Court of Appeal Dismisses Legacy Benefits Claim

17 Jan 2023

The Court of Appeal has today dismissed the legacy benefit Claimants’ appeal of the decision of the High Court dated 18 February 2022, which had refused the Claimants’ claim for judicial review.

The Court made specific reference to the uncontested expert evidence put forward by the Claimants from academics, the Joseph Rowntree Foundation, and the Resolution Foundation. This demonstrated that there was no evidence to suggest that new Universal Credit (“UC”) claimants in greater need of increased subsistence benefit than existing UC claimants or those on legacy benefits (which had been one of the key reasons put forward by the government for the policy to focus on UC). The evidence also demonstrated that there was no economic purpose to the difference in treatment between those on UC and those on legacy benefits.

The Secretary of State for Work and Pensions (“SSWP”) had argued that they could not alleviate all hardship during the pandemic, and that essentially the decision to focus on new UC Claimants was a political decision that the Court’s should not interfere with. The SSWP argued that the measure to uplift UC was not done so as to alleviate financial difficulties for all individuals experiencing hardship during the pandemic. It was argued that the measure was part of a raft of policies designed to reduce the effects of the pandemic on the labour market. Essentially the government admitted that it’s focus in bringing in the uplift during the pandemic was not to assist disabled persons, and it accepted that this group would be hard hit by the pandemic.

The Court of Appeal accepted that people on legacy benefits such as the Claimants had been treated less favourably as a group. It was also accepted that there was indirect discrimination on the grounds of disability. The question then was whether that difference of treatment could be justified. However, on this point, whilst the Court accepted that those on legacy benefits were “undoubtedly vulnerable”, the government had made a hard choice to prioritise those in the labour market, who they anticipated would become unemployed as a result of the pandemic.

The Court noted that the policy objective of the SSWP was different to the policy objective advanced by the Claimants. The Claimants had argued that in effect the decision to uplift UC was an anti-poverty measure, but the Court of Appeal found that, whilst this was one objective, it had other objectives, including alleviating financial disruption as a result of the pandemic.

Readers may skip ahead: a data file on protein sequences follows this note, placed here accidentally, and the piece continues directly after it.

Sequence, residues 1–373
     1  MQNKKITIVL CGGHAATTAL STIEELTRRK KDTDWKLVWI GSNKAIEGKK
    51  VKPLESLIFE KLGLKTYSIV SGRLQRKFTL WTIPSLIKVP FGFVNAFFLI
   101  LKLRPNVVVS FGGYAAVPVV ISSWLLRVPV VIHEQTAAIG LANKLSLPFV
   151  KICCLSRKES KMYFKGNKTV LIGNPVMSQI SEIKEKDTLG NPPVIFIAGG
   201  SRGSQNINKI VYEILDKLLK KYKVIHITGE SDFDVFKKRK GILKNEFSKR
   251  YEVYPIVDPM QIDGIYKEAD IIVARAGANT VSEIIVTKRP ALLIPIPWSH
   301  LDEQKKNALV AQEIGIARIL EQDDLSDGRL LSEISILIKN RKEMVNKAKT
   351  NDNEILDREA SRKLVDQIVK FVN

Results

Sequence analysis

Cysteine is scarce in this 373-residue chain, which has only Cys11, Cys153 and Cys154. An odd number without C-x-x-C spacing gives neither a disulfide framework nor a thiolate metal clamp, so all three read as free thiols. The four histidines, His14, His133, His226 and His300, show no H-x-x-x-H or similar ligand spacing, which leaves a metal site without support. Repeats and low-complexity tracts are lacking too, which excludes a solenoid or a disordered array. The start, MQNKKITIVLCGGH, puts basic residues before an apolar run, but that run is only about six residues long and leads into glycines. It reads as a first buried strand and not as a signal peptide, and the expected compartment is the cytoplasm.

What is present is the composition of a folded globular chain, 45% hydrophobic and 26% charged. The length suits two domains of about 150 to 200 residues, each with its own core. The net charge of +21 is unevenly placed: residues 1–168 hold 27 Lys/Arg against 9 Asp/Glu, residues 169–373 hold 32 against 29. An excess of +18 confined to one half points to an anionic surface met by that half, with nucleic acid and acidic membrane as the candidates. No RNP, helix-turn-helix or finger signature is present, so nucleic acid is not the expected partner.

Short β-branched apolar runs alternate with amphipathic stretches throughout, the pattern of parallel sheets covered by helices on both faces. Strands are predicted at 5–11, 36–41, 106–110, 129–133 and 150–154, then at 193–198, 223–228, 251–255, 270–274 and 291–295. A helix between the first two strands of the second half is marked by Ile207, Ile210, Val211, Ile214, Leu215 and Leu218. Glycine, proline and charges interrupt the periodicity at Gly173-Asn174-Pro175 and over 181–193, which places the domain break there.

The judgment also acknowledges that the rates of legacy benefits are low and that any person required to live on that level of income would experience hardship. However, as the SSWP’s policy rationale was not to alleviate poverty as a result of the pandemic, the Court of Appeal found that this was a distinct issue to the SSWP’s justification for the decision to uplift UC. The Court of Appeal judgment ends by expressing sympathy for the position of those on legacy benefits, but ultimately the Court of Appeal did not consider there had been any legal error made by the High Court in its earlier judgment.

William Ford, the solicitor who represented the claimants comments:

“I appreciate that this outcome will be a great disappointment to many people on legacy benefits who have been waiting patiently for this judgment. All possible effort was made to persuade the Court of Appeal to reach a different outcome and it is deeply disappointing that this did not prove possible. All that remains for me to do is give thanks to the Claimants for being willing to bring this challenge to the government, as well as to their barristers, Jamie Burton KC and Desmond Rutledge, who so ably put forward the legal arguments on their behalf.”

William is a partner in the housing and social care department at Osbornes Law.

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